51 Pages Posted: 1 Jul 2014 Last revised: 31 Jul 2015
Date Written: July 31, 2015
Hedge fund performance fees vary from 10% to 50%, with managers typically keeping 20% of the profits for themselves. Such large performance fees are unusual and provide a unique test of the efficacy of performance-based contracting. In theory, by linking a substantial amount of a fund manager’s remuneration to performance, even a loosely monitored agent such as a hedge fund manager has an incentive to produce better performance for investors. In turn, this means that investors may look at fee size as a proxy for managerial quality in the belief that in a competitive market for managerial talent, funds with higher performance-based fees attract superior managerial talent. Our focus is on the 2001–2009 period, where hedge fund managers did not change their fees once these were set at fund inception. We find that the higher a manager’s performance fee, the slightly higher the manager’s average return. However, managerial skill as measured by risk-adjusted returns is no greater for managers who enjoy large performance fees. Therefore, there is no evidence that higher performance fees are associated with managerial skill. This is of concern because for performance fees to be deserved they should result from managerial skill.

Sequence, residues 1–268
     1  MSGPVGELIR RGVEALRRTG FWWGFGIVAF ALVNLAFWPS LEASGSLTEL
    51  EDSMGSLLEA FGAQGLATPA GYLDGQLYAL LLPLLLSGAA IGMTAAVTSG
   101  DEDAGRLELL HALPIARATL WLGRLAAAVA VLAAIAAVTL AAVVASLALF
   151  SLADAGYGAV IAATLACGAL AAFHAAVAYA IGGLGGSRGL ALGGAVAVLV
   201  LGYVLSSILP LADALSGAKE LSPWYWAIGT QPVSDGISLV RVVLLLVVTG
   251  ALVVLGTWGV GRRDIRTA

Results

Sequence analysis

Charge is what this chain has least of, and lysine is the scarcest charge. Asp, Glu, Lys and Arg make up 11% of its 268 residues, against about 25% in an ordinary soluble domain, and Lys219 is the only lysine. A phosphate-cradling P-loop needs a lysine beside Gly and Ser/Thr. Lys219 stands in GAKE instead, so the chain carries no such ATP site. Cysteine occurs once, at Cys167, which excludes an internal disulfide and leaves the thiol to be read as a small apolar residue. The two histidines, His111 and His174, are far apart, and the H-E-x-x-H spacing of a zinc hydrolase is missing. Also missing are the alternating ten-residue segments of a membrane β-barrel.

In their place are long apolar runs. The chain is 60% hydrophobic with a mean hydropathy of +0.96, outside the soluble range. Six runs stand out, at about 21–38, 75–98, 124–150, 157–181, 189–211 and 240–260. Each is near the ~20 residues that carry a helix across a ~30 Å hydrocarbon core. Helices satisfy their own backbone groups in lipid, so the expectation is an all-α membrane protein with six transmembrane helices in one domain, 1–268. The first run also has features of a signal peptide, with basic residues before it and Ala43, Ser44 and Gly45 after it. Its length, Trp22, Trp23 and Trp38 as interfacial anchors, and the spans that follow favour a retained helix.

Suggested Citation: Suggested Citation
Rich, Joe and Lajbcygier, Paul, The Gap between Desert and Entitlement: Performance Fees in Hedge Funds (July 31, 2015). Available at SSRN: https://ssrn.com/abstract=2461100 or http://dx.doi.org/10.2139/ssrn.2461100